The holder of this envelope can almost hear the roar of BOAC's super VC-10s quad engines as the airliner touches down for the first time at Bole Airport in early January1973. The gorgeous illustration, set at a dynamic perspective, dominates this stately and information-backed first flight cover.

BOAC's classic, dashing speed bird emblem appears several times, most notably at the header of the paragraph-long Official Flight Endorsement which provides exacting detail on the itinerary of this piece of paper from Heathrow to Addis Ababa and back, although it is elsewhere, at far right, that the intermediate stops: Nicosia and Cairo, the latter categorized, curiously, as "unscheduled."

More space, if not heavier ink, is given over to the regal Lion of Judah, symbol of the Ethiopian monarch and not dissimilar from Queen Elizabeth's heraldic menagerie.

Saturday, April 21, 2012

Air India: Bombay-Kuwait, October 1960

Air India's mascot, the Maharaja, meets a Sheikh and presents him a flower on the occasion of Air India's inaugural Bombay-Kuwait service in October 1960. No information about intermediate stops or aircraft is included.

Thursday, April 19, 2012

Air India: Entebbe-Bombay, October 1968

Returning back from Bombay to East Africa on nearly the same day, this envelope celebrates the launch of service from India to Uganda in October 1968, with a Boeing 707. Its not clear whether this is the same flight as that which landed at Addis Ababa, or a dedicated service.

The kindergarten-crayon, juice-box colored illustration is a curious choice, with a sort of bizarre parade of the Maharaja riding a leopard, either chasing or marching alongside a slender, bejeweled but barefoot woman, balancing a bunch of green bananas on her bun. On the first envelope, this at least fits the gorgeous colors of the tropical bird on the Ugandan stamp.

Tuesday, April 17, 2012

Air India: Addis Ababa-Bombay, October 1968

A first-flight cover for Air India from Addis Ababa to Bombay on 27 October 1968, which the cancellation stamp states was flown by a Boeing 707, without information on any intermediate stops. Compare the cartoonish Maharaja's donkey with the Ethiopian Stamp's stately stallions of the orthodox icons.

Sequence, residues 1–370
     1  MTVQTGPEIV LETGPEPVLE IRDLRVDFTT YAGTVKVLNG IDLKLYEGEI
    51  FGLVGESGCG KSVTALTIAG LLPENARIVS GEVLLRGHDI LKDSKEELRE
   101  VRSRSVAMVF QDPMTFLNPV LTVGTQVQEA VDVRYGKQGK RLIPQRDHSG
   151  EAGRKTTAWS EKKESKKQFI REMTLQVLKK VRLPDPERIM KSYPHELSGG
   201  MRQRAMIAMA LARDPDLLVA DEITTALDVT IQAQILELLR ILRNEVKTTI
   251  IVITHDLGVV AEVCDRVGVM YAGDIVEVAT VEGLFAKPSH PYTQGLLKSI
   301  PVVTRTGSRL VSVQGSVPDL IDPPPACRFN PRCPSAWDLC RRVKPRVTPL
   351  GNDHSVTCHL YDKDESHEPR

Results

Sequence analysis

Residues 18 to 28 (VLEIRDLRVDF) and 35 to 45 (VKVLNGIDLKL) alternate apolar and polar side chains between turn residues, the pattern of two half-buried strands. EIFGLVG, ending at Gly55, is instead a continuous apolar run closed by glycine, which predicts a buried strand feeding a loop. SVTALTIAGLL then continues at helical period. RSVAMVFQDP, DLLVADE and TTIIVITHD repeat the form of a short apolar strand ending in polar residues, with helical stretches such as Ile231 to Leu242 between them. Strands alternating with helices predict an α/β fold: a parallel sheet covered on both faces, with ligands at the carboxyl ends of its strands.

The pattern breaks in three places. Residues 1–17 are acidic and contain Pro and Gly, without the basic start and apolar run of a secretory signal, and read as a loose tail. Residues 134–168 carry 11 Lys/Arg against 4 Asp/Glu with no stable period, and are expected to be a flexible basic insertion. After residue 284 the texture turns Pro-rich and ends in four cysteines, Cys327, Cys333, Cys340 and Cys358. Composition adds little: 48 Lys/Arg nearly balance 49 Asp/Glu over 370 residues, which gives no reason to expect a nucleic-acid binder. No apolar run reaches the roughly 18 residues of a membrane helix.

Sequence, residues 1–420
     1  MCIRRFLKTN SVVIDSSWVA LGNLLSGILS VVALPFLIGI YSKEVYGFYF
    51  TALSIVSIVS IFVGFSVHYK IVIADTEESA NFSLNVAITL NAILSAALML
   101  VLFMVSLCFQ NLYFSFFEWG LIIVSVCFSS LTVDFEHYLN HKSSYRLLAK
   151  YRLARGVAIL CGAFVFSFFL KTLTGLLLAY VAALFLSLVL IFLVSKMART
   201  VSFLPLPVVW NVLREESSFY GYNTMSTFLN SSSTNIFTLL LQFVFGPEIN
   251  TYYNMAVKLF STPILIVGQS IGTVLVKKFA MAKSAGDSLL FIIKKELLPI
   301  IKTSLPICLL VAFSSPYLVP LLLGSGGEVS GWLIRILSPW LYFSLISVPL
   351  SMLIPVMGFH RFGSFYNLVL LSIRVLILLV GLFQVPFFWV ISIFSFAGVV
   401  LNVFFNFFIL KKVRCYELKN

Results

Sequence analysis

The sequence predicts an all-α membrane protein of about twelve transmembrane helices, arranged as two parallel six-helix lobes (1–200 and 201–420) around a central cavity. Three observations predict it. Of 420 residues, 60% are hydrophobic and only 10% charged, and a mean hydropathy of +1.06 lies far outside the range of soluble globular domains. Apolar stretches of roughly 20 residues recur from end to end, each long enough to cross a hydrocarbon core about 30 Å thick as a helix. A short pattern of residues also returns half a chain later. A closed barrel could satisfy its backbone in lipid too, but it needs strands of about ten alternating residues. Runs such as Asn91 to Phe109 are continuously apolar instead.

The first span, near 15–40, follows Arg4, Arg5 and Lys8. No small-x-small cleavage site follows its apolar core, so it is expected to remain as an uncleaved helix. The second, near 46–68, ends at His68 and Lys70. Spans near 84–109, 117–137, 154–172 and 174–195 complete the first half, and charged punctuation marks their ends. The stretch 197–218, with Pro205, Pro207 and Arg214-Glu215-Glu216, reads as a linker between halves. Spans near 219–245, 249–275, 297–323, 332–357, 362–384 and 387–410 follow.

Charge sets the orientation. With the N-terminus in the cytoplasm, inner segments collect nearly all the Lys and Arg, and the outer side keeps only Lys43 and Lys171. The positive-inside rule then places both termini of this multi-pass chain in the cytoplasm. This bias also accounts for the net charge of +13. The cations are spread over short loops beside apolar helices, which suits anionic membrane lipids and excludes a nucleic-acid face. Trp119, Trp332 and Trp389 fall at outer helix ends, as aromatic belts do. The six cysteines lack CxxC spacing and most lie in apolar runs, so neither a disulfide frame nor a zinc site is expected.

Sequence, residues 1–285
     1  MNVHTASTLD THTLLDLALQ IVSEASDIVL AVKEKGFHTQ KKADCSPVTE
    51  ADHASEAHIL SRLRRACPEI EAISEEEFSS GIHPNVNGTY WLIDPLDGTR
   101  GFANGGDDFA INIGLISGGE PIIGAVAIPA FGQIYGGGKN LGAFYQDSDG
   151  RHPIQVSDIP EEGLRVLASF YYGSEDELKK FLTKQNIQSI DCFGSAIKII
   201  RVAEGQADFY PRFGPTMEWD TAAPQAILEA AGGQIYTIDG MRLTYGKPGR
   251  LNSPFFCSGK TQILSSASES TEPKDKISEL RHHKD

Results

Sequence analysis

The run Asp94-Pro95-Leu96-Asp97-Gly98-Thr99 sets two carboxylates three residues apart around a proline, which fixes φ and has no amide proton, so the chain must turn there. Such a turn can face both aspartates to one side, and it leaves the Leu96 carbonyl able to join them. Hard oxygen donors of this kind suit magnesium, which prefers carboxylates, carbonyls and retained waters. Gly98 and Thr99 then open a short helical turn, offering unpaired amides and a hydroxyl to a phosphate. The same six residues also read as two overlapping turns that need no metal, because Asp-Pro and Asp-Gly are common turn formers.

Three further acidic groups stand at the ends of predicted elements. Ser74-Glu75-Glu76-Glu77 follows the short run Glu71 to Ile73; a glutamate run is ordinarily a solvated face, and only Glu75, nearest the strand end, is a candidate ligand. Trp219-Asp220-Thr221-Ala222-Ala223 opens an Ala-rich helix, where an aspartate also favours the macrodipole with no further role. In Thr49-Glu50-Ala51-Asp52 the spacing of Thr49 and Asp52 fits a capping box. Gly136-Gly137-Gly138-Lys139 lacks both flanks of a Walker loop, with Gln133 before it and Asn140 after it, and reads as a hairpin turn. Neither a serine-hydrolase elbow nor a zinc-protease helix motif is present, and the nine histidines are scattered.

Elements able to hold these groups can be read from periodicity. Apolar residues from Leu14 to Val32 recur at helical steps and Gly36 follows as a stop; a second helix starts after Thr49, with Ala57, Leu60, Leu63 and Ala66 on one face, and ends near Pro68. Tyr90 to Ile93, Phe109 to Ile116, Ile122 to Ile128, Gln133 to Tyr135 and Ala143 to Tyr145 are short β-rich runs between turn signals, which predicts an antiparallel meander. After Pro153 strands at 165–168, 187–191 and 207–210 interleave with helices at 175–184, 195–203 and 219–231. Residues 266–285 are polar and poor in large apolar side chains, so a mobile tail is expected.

Monday, April 16, 2012

Ethiopian Airlines: The Wonderland Route to Kenya, c.1955

In the colonial era, when only Ethiopia was not under European control, Ethiopian Airlines flew its DC-6s on the "Wonderland Route" between Addis Ababa and Nairobi in the Kenya Colony. Also advertised are Aden, Djibouti, Egypt (presumably Cairo), Sudan (surely Khartoum), Eritrea (likely Asmara), Pakistan (possibly Karachi), Saudi Arabia and "East Africa." Shown on the cover of this brochure is an office block labeled "America House" which is presumably Ethiopian's office in pre-independence Nairobi. Exact date of the item is unknown.

Sunday, April 15, 2012

Ethiopian Airlines Network, c.1972

Via this website, it is a colorful brochure espousing the wonders of the Hidden Empire, including this straightforward network map of the flag carrier. Ethiopian then reached 18 international destinations in Europe, Asia and spanning the African continent from Asmara to Abidjan and Dar Es Salaam to Douala.

The domestic map shows an enormous coverage within the diverse country, with more than 40 destinations from the Red Sea to the Blue Nile, most served at the time with DC-3 aircraft-- as the brochure states, the flagship B707s, shown in the above image on the apron at Addis Ababa Bole Airport, were reserved for the intercontinental services to Delhi and Rome.

Saturday, April 14, 2012

Ethiopian Airlines Network, c.1960

Appearing almost like the fuzzy felt of a drinks coaster, this map of Ethiopian Airlines mid-century network is a warm and wonderful scene, showing the African continent between a green and red band, like the imperial flag of Ethiopia itself, with the lion of Judah in the southern Atlantic at the lower left of the graphic.

A main North-South route runs between Nairobi and Cairo. A lateral route links Monrovia via Accra and Lagos. Presumably, the two lines angling down the cone of Southern Africa terminate at Johannesburg, but this is not specified, and neither is the significance of the thin lines versus the thick red bolts, which quite curiously cross not at Addis Ababa but at Khartoum. The Monrovia-Conakry-Dakar portion is also a striped hash line, perhaps suggesting that this trunk was not underway but was a future intention. Timbuktu is shown but seemingly not part of the network.